When starting out many of us are still finding these things out the hard way. Early in my woodworking explorations I built a nice A frame rocking cradle for the baby room. I made the classic mistake of supporting the bottom with a batten, glued and screwed to the bottom edge of the cradle end pieces, that were not evenly dry. The bottom of one end piece unable to "breath" developed a crack extending 4" up the end piece. The top of the end piece was not restrained and could breath so the crack did not extend any higher. The cradle lived longer than the child had need for it, but that crack was always there, to remind me that wood has to be properly dried and aloud to breath.

So for a well written and illustrated  article on case construction read on.

Saturday, September 22, 2018

Belts / Pulleys / Motor Mounts

So powers back on , out almost 24 hrs., must have been a lot of trees down out there, I seem to have gotten by unscathed. Could have been worse, the Ottawa area got hit with two tornadoes that leveled a small neighborhood and knocked the power out to half a million people. It was part of the same storm system.

So here is chapter 37 from "Complete Book Of Home Workshops". This chapter covers belts, pulleys, and motor mounts. For the novice setting up a home hobby shop much of this information is must know, for the long experienced, much of it is considered basic, but basic, like "common sense", sometimes isn't so common. If you get your information from interactive sites, there is always that one character who gets joy from convincing you, the wrong answer is the right answer.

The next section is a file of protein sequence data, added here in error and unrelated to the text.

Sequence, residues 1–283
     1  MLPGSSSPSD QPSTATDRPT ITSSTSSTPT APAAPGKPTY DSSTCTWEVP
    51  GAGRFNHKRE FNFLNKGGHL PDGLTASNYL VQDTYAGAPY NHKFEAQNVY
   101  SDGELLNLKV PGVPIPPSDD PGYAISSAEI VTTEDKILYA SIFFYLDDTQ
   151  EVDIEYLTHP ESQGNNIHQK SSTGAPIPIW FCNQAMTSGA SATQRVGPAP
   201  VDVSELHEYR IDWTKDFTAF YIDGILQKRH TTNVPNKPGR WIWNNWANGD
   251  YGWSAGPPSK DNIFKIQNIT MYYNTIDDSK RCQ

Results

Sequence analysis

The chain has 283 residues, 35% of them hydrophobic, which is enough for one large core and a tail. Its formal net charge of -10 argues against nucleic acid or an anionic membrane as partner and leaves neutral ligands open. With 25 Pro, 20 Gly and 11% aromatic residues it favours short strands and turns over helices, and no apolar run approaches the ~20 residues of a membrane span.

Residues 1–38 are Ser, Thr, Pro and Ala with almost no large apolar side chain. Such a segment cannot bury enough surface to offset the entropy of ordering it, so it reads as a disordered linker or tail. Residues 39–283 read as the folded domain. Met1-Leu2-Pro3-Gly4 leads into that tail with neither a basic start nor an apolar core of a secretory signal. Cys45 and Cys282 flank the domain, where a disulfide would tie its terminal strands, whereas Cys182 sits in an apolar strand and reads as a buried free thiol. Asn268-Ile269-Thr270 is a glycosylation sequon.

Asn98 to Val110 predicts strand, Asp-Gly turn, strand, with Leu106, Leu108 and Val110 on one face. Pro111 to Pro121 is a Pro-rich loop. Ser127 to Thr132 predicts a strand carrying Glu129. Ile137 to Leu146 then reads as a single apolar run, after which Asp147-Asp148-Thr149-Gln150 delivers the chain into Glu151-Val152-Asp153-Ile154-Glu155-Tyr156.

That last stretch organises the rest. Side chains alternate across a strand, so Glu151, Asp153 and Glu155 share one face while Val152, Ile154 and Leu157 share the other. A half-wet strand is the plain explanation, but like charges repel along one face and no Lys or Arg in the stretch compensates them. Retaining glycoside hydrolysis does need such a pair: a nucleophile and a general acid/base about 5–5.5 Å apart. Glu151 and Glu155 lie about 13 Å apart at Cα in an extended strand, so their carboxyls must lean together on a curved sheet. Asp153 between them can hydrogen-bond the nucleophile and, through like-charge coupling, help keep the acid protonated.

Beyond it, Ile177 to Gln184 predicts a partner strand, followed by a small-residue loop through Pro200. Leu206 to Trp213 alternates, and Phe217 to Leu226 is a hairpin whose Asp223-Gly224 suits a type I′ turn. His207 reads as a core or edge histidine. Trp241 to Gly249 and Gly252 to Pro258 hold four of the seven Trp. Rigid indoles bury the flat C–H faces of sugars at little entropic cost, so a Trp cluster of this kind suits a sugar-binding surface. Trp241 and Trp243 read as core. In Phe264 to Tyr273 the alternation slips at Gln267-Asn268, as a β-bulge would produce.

So here's 8 pages of motor and tool speed set-up, common sense information.

Friday, September 21, 2018

Shop Motors

It's been one of those days, blow trees down, and shingles off, windy, ( I am on battery power right now, power went out half an hour ago) wet, and gloomy. So I spent part of the day exploring one of my bookcases, in addition to the Home Shop Machinist books that I posted from earlier, I came across  a Popular Science published book by David X. Manners, "The Complete Book Of Home Workshops" published in 1969. It is full of good ideas and lots of good basic shop information,

Chapters 36 and 37 deal with shop motors, belts, pulleys, and motor mounts. Chapter 36 "Motors" is a very good basic explanation of shop motors, different types, and their characteristics. It covers the basics of trouble shooting in clear understandable language without going so deep that the average hobbyist is left behind. I have argued in the past that manufacturers HP ratings on motor plates can't be trusted, they don't seem to take efficiency into consideration. Mr. Manners explains this better than I have in the past.